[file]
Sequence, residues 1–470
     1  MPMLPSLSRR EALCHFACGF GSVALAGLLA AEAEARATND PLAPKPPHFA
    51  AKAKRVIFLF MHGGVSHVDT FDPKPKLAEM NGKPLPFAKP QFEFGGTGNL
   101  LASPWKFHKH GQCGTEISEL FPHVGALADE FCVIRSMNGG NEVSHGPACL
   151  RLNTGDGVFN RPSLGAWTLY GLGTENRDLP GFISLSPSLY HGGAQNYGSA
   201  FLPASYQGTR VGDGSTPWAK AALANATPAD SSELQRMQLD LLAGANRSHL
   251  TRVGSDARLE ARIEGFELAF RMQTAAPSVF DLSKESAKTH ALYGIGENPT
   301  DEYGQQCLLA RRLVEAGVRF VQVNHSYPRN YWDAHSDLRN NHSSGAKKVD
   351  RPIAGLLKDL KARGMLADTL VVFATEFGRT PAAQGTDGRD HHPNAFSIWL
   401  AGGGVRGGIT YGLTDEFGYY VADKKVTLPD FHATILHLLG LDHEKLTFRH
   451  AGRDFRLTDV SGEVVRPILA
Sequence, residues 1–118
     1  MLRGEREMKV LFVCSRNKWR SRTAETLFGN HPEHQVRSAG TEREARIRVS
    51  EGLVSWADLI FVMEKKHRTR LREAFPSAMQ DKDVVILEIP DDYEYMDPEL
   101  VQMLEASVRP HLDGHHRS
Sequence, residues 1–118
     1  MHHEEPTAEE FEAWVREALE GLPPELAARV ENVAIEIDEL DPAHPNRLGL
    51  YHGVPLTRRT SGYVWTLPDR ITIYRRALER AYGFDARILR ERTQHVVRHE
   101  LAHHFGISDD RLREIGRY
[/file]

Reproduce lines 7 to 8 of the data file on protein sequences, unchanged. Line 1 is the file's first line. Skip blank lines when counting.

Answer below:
   251  TRVGSDARLE ARIEGFELAF RMQTAAPSVF DLSKESAKTH ALYGIGENPT
   301  DEYGQQCLLA RRLVEAGVRF VQVNHSYPRN YWDAHSDLRN NHSSGAKKVD